U.S. lenders made more auto loans in the most recent quarter, but took more risks and charged less interest to get the business, according to a report released on Thursday by credit reporting and market information firm Experian Automotive.
Outstanding car loans increased nearly 4 percent to $658 billion at the end of December from a year earlier as borrowers financed larger amounts per car and lenders accepted lower credit scores and gave people more time to pay.
The expanded lending and easier credit came with evidence that the economic recovery is benefitting banks and borrowers alike: delinquency rates declined and the amount of loans at risk fell by nine percent, according to Experian.
"Lenders are clearly on much more solid ground than they were two or three years ago," said Melinda Zabritski, director of automotive lending at the unit of Experian plc.
With consumer demand weak for other types of loans and banks flush with deposits to lend, competition has increased as interest rates on car loans have fallen to the lowest levels since at least 2008. The average rate for loans to buy new cars was 4.52 percent in the last three months of 2011, down from 4.84 percent a year earlier. For used cars, the average rate was 8.68 percent, down from 8.71 percent.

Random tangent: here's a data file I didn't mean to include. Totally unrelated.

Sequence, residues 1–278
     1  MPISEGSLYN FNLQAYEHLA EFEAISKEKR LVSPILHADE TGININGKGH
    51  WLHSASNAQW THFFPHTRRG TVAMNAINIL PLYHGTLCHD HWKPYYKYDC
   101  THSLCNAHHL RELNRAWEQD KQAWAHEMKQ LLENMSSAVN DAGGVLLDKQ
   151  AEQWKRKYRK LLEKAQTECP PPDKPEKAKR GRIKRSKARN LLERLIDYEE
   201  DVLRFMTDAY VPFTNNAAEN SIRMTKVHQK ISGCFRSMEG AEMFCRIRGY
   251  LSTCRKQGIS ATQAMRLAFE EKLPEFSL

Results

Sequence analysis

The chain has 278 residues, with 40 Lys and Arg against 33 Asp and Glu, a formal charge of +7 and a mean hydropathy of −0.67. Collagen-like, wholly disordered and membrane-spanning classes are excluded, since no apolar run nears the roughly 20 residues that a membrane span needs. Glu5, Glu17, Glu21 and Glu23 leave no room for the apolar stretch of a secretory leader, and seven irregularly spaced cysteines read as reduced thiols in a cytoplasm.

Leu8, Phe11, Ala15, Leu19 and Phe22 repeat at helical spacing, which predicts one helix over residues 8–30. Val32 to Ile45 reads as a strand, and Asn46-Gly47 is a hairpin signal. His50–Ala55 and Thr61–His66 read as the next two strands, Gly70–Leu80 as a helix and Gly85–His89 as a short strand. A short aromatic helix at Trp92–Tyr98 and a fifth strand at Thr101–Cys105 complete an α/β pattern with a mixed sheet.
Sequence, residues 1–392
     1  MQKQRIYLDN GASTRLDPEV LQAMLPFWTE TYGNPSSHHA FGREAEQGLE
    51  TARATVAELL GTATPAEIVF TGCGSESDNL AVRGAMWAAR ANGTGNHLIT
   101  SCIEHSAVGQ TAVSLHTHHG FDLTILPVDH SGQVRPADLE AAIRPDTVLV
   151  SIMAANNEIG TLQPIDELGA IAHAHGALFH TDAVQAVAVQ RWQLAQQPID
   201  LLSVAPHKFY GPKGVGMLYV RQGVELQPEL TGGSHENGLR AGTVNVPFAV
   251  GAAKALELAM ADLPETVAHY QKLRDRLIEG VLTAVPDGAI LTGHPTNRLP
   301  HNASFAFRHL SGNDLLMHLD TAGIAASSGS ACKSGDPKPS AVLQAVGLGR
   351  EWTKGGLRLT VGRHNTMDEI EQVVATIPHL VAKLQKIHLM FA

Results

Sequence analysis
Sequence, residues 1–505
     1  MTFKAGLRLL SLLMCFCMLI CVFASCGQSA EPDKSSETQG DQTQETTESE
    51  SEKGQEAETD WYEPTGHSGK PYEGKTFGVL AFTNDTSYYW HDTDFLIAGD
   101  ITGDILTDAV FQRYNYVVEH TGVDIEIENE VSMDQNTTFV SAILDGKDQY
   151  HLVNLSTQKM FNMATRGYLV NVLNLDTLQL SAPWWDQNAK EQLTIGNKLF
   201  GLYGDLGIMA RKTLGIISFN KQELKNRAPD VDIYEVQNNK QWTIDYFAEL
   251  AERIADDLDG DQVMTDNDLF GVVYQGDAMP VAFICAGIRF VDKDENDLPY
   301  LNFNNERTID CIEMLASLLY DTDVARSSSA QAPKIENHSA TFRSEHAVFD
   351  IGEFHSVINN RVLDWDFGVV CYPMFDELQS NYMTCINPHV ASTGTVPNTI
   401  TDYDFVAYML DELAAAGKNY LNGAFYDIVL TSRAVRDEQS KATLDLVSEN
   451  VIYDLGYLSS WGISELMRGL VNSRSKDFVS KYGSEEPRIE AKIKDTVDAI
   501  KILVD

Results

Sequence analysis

Capital One Financial Corp and Bank of America Corp were among banks taking market share while manufacturer-based lenders at Toyota and Honda were among those that lost share, the report showed.
Lenders have adopted "more aggressive strategies" to win business, which is benefitting borrowers, Zabritski said.
Average credit scores fell for the second year in a row. For buyers of the new cars, the score was down six points last year to 761, a prime level. For used cars the score was down nine points to down 670, a subprime level. The portion of all loans made to subprime borrowers rose to 41.5 percent from 38.4 percent.
Lenders made loans for an average 110 percent of the value of new cars, which was two percentage points, and for 130 percent of the value of used cars, about the same as a year earlier. The average amount financed for new cars was $17,404 and for used cars $9,015.
Loans giving borrowers more than six years to repay surged by nearly 50 percent to 14.1 percent of the total for new cars, the report said.
Ally Financial Inc was the top lender, with 6.79 percent of the market for all vehicle loans. Ally, the former financing arm of General Motors that is 74 percent owned by the U.S. government as a result bailouts, has shifted its emphasis toward financing used cars. The company nearly doubled its share of the used car loan market to 4.25 percent, second only to Wells Fargo & Co, according to the report.
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